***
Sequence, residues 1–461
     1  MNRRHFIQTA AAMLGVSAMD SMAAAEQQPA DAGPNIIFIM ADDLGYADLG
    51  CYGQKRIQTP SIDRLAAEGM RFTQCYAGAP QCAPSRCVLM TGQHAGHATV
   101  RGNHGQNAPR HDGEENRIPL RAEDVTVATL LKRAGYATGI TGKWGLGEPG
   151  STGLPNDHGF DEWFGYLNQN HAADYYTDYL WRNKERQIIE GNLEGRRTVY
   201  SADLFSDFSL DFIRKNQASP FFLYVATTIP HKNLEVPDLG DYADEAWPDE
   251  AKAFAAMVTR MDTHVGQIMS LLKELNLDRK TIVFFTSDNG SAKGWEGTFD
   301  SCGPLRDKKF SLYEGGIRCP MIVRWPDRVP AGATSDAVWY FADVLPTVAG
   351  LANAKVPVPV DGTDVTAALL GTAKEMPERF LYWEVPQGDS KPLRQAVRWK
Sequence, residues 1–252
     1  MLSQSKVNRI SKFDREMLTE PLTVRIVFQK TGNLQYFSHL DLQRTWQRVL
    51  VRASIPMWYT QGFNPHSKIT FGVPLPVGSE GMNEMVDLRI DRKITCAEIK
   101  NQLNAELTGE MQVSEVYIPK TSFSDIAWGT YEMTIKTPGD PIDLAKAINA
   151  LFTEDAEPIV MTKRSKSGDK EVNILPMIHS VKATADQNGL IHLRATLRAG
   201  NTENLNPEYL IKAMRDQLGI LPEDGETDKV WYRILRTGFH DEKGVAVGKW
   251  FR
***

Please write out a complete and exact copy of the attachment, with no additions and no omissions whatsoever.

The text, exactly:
Sequence, residues 1–461
     1  MNRRHFIQTA AAMLGVSAMD SMAAAEQQPA DAGPNIIFIM ADDLGYADLG
    51  CYGQKRIQTP SIDRLAAEGM RFTQCYAGAP QCAPSRCVLM TGQHAGHATV
   101  RGNHGQNAPR HDGEENRIPL RAEDVTVATL LKRAGYATGI TGKWGLGEPG
   151  STGLPNDHGF DEWFGYLNQN HAADYYTDYL WRNKERQIIE GNLEGRRTVY
   201  SADLFSDFSL DFIRKNQASP FFLYVATTIP HKNLEVPDLG DYADEAWPDE
   251  AKAFAAMVTR MDTHVGQIMS LLKELNLDRK TIVFFTSDNG SAKGWEGTFD
   301  SCGPLRDKKF SLYEGGIRCP MIVRWPDRVP AGATSDAVWY FADVLPTVAG
   351  LANAKVPVPV DGTDVTAALL GTAKEMPERF LYWEVPQGDS KPLRQAVRWK
Sequence, residues 1–252
     1  MLSQSKVNRI SKFDREMLTE PLTVRIVFQK TGNLQYFSHL DLQRTWQRVL
    51  VRASIPMWYT QGFNPHSKIT FGVPLPVGSE GMNEMVDLRI DRKITCAEIK
   101  NQLNAELTGE MQVSEVYIPK TSFSDIAWGT YEMTIKTPGD PIDLAKAINA
   151  LFTEDAEPIV MTKRSKSGDK EVNILPMIHS VKATADQNGL IHLRATLRAG
   201  NTENLNPEYL IKAMRDQLGI LPEDGETDKV WYRILRTGFH DEKGVAVGKW
   251  FR